It’s a funny thing stress isn’t it. We all say we don’t want it, yet we continually create it for ourselves through our attitudes, beliefs, conversations and thinking.
As Vedic meditators understand, getting stress out of the nervous system is imperative to increased happiness. Lugging all that extra junk around in our systems really holds us back. So we meditate to release it, a little release of old stresses every time we meditate. Yet there is more that we can do in the other 23 1/3 hours in the day we’re not meditating to not increase our stress and that thing is to avoid negativity.
My teacher Thom Knoles always says that we must be careful what we worship – and that entertaining the same thought or experience over and over is worship. And as humans we tend to worship the negative. Thinking all the time about a perceived bad situation, spending lots of energy reliving the experience, telling the story over and over more elaborately each time. So why do we worship something negative, investing all our thinking into that time we were ‘wronged’ or disrespected or felt anger? Why worship when we were cut off in traffic or a friend said something unkind? When we define it as worship, it becomes a whole different matter doesn’t it. It feels downright silly to worship something we don’t actually want more of yes?
This experience is the recycling of stress. Something undesirable happened and then we keep reviving it. This simply creates more stress in our nervous systems. If it was awful the first time, why do we feel compelled to continue recycling the experience? With each retelling we pull ourselves out of the present moment, polluting it with a negative past. We must stop doing this if we want to increase our happiness.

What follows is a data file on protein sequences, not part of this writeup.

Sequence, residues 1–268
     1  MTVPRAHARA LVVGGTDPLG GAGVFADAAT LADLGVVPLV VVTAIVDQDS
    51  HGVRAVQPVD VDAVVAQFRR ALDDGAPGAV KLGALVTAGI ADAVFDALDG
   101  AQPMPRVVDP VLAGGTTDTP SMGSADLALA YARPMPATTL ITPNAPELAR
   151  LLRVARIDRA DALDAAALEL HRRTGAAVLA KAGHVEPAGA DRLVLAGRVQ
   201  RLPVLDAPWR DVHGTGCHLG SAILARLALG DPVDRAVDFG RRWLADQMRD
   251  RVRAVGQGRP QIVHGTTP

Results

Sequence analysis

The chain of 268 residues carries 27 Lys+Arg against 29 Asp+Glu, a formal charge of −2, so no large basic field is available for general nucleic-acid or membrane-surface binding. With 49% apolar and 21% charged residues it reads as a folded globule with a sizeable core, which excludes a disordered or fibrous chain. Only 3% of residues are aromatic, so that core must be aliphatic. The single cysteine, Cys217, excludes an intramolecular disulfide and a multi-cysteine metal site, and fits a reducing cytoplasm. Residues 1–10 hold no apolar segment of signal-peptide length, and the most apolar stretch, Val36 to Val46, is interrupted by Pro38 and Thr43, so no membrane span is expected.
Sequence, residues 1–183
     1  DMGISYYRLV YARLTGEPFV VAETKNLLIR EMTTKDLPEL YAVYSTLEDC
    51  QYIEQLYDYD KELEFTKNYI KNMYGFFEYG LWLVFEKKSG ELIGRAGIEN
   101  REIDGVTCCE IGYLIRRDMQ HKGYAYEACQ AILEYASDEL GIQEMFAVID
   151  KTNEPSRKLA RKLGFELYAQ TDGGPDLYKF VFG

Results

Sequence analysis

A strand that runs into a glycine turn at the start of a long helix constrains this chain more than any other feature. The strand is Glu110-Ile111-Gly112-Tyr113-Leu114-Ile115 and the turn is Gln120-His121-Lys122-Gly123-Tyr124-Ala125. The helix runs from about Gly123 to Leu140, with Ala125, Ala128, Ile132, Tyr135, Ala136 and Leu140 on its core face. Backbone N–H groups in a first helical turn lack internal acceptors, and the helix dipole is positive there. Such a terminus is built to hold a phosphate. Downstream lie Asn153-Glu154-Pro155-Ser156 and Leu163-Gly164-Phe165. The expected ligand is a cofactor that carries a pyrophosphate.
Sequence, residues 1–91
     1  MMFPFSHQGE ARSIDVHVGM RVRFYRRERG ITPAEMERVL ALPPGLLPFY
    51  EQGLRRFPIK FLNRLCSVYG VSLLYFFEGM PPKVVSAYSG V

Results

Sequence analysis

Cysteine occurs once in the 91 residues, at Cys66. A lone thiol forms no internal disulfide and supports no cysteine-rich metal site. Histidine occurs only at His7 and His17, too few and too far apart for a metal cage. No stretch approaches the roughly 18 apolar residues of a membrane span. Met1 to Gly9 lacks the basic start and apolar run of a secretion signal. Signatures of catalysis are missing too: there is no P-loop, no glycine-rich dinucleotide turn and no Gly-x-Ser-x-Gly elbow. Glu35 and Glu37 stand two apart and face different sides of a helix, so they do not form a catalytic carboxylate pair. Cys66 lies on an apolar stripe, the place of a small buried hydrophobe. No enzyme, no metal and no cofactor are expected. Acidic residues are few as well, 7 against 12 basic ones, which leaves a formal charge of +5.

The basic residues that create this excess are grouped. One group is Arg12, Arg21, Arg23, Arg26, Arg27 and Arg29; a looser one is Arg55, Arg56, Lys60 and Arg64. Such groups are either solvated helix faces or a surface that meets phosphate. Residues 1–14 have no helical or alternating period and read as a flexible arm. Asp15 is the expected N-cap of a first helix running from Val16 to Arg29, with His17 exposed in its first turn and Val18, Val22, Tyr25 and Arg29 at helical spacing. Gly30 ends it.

When we are negative in our speech we create not only stress for ourselves but stress in our environment and stress for others. Sometimes we are careful of this, and don’t necessarily speak negatively, with a mean attitude or with a nasty tone, yet we might be thinking it nonetheless. Secretly, in the privacy of our minds harbouring negative thoughts, judgemental tones and down right cruel thoughts. This is just as bad for our nervous systems as saying it out loud. Halting this, also reduces stress and increases happiness.
I spent the entire weekend studying with Thom, a course on Vyasa Vedanta, and he said something that really stuck with me – that every human is doing one thing, seeking happiness as best they can. Once we truly understand and respect that, and the fact they might not be seeking it the same way we are but are still wanting it nonetheless, than our compassion increases. All the ‘negative’ experiences melt away. It’s just all stuff involving other people wanting happiness just like us. Compassion is a remarkable way to cancel out negativity on every level. Let’s embrace more of it.